Dogs have been proven to be sensitive to the magnetic field of the Earth for the first time by Dr. Vlastimil Hart from the Czech University of Life Sciences in the Czech
Republic and Professor Dr. Hynek Burda at the University of Duisburg-Essen in Essen, Germany in research that was published in the Jan. 3, 2014 edition of the journal Frontiers in Zoology.
The researchers examined the orientation of 70 dogs from different breeds in 7,000 instances of defecation and urination over two years. The observation of this common behavior in several species of animals was a part of a long-term study of the effect of the Earth’s magnetic field on animal behavior.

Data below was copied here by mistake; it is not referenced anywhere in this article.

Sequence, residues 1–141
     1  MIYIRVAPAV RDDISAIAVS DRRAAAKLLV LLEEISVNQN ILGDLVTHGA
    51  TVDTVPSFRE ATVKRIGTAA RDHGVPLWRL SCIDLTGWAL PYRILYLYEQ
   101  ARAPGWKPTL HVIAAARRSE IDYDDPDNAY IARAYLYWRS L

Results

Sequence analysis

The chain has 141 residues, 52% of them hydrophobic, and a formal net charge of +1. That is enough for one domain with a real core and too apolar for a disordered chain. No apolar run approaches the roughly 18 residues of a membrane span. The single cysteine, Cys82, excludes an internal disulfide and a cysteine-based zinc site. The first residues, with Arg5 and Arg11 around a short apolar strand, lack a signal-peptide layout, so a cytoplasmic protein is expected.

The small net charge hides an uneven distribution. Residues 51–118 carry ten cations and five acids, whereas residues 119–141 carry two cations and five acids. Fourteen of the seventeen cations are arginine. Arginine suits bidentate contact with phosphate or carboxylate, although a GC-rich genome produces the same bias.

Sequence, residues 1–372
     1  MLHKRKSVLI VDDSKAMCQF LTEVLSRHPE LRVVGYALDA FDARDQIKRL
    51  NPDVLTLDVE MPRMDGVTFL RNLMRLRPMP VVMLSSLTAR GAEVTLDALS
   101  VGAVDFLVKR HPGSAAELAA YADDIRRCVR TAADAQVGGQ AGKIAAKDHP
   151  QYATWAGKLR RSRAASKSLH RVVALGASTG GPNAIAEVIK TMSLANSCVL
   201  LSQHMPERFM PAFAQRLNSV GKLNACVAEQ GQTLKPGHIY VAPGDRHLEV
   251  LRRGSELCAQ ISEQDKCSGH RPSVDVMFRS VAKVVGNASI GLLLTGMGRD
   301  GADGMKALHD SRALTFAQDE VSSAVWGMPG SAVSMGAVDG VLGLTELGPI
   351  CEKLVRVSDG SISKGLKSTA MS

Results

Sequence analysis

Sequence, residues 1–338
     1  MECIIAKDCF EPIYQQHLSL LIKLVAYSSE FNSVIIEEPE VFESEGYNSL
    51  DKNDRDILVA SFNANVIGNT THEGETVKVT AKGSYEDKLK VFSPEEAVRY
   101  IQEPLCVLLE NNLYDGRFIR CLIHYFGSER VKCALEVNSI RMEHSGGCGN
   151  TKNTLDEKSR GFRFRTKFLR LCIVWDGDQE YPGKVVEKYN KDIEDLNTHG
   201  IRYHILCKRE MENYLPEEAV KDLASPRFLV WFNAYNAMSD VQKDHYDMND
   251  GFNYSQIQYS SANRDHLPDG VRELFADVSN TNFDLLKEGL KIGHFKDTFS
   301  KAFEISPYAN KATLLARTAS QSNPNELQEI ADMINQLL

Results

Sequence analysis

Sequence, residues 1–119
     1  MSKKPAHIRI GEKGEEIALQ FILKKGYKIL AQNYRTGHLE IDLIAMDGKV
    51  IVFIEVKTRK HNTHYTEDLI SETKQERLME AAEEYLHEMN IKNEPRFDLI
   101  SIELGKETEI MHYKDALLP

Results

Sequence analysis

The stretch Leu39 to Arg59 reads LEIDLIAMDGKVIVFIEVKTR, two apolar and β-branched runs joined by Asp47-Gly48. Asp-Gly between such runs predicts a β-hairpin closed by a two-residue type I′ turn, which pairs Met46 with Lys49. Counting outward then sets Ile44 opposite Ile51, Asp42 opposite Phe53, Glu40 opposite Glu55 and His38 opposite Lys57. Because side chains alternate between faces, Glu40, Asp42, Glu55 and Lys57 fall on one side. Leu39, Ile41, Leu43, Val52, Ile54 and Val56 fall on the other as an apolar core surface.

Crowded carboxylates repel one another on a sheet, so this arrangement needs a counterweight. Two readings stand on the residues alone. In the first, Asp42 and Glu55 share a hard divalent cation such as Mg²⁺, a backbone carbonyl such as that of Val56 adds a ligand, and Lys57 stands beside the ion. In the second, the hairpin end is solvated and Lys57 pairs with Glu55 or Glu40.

The researchers found that dogs, regardless of sex or breed, orient to the north to south axis of the Earth’s magnetic field during urination and defecation. The behavior was found to occur only during stable magnetic field activity and did not occur when the magnetic field fluctuated to a great degree.
The research is the first to prove that dogs are sensitive to the magnetic field of the Earth and respond to the Earth’s magnetic field by orienting their bodies to the magnetic field.
Dogs were found to be highly sensitive to minute changes in the magnetic field of the Earth. The magnetic field of the Earth is normally calm only about 20 percent of the time during daylight hours. The researchers offer this observation as the reason no research has previously been able to prove that dogs are sensitive to the Earth’s magnetic field.
The physiological cause of the behavior and the brain or body location that produces the behavior has not been found.